A technology company that allegedly owes $4.4 million to ASX-listed Serpentine Technologies hopes to launch the world’s first “Security Token Offering” on Canada’s proposed new cryptocurrency-style stock market.

The Canadian Securities Exchange this week announced its answer to the cryptocurrency market — a blockchain-based platform allowing stocks to “bypass the traditional paper-stock-certificate system and move to equity securities tokens”.

The tokens — also known as tokenised securities — represent a share in a business and would be issued via a “Security Token Offering” or STO.

And the first cab off the rank?

None other than Kabuni Technologies — a tech play that ASX-listed Serpentine last year sold back to its former boss and founder Neil Patel.

Serpentine says Mr Patel’s new 3D printing start-up Print The Future owes them $4.4 million associated with the deal.

Mr Patel told Stockhead last month that “making sure Serpentine are paid is my highest priority at present”.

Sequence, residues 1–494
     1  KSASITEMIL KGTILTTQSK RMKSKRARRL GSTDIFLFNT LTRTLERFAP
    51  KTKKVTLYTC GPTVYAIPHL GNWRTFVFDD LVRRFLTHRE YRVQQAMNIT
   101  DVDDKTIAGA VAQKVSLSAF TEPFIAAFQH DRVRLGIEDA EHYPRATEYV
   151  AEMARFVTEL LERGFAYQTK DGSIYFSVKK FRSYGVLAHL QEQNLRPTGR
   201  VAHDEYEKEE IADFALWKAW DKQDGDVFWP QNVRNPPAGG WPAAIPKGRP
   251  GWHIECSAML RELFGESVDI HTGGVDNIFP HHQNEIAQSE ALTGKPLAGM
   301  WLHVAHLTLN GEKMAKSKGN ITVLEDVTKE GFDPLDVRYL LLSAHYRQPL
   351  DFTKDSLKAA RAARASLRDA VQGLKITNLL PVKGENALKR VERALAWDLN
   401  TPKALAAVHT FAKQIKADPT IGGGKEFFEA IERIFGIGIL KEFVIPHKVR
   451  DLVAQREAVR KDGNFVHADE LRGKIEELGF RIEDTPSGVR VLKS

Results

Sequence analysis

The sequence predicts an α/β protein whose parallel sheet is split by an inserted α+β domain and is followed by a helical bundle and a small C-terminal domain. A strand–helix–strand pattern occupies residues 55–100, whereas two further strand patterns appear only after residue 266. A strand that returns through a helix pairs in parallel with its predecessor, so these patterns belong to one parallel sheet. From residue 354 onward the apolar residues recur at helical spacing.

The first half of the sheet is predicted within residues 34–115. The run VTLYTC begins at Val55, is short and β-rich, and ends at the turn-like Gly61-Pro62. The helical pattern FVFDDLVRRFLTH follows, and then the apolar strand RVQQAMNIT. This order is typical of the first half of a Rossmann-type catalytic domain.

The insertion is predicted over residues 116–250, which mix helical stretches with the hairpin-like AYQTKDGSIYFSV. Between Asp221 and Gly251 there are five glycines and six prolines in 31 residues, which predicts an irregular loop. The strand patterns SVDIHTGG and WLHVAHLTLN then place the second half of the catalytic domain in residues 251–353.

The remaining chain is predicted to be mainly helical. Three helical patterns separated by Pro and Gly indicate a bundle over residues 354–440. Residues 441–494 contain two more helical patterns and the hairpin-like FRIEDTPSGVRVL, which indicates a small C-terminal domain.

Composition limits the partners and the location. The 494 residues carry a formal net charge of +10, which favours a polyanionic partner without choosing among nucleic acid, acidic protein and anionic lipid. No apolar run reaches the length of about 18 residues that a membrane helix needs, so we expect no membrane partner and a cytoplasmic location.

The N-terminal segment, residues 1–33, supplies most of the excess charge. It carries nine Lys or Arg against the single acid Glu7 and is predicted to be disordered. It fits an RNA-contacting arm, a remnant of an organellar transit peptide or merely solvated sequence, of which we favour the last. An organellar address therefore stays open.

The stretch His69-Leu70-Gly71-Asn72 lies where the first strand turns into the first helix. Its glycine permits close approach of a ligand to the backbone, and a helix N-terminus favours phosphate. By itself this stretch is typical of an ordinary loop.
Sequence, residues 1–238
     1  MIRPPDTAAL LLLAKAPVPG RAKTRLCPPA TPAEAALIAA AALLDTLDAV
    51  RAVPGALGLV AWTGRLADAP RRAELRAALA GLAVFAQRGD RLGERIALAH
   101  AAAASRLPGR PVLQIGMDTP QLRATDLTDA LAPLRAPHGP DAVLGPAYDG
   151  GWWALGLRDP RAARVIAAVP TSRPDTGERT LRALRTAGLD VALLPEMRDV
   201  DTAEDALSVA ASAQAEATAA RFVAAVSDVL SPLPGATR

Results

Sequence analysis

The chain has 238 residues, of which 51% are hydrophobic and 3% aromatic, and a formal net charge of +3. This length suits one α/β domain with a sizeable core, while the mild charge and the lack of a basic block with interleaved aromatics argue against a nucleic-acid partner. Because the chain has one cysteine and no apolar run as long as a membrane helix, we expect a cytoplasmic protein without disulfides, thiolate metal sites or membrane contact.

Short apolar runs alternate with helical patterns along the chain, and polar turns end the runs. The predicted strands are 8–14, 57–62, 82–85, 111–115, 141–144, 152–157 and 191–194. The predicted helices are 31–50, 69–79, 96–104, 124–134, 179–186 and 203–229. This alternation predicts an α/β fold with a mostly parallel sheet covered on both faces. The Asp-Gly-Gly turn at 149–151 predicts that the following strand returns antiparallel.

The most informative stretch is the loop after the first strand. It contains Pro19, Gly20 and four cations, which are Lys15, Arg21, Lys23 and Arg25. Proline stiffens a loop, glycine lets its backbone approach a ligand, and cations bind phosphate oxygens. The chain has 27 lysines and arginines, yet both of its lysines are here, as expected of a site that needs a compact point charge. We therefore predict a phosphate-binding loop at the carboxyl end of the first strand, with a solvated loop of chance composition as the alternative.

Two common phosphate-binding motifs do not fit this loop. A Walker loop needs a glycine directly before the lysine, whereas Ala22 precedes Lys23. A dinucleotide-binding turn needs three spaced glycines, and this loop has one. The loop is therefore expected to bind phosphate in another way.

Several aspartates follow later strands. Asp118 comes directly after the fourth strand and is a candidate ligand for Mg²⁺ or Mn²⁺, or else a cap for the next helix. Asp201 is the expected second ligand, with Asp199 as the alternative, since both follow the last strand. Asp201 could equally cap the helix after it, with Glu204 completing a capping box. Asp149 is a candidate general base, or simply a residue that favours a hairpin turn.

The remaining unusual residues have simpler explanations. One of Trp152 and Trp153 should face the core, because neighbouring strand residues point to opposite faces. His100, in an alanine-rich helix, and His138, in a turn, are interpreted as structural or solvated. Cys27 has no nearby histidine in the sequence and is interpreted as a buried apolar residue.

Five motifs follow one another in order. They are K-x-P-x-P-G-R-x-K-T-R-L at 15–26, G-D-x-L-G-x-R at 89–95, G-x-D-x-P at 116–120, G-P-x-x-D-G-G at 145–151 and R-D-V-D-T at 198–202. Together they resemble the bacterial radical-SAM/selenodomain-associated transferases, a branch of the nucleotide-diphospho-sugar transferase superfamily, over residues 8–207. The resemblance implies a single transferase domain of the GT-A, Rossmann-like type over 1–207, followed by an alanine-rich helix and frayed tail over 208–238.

Serpentine (ASX:S3R) will be hoping Canadian regulators allow Kabuni’s “Security Token Offering” to go ahead — so it can recoup some of the $4.4 million it is allegedly owed.

“This would mark the first time a tokenised security has been listed for trading on a recognised securities exchange,” the Canadian Securities Exchange said.

“Our platform represents an intersection between blockchain and the capital markets that delivers on blockchain’s promise to disrupt conventional transaction and record-keeping mechanisms, thereby providing tangible benefits for market stakeholders,” Canadian Securities Exchange chief Richard Carleton said.

The Kabuni tokens would use blockchain technology to secure the production of 3D assets, specifically protecting IP and secure payment.

The company signed a memorandum of understanding with the new exchange and, if passed, would mark the first time globally that a tokenised security has been listed for trading on a recognised securities exchange.

S3R’s last quarterly showed just $517,000 left in the bank.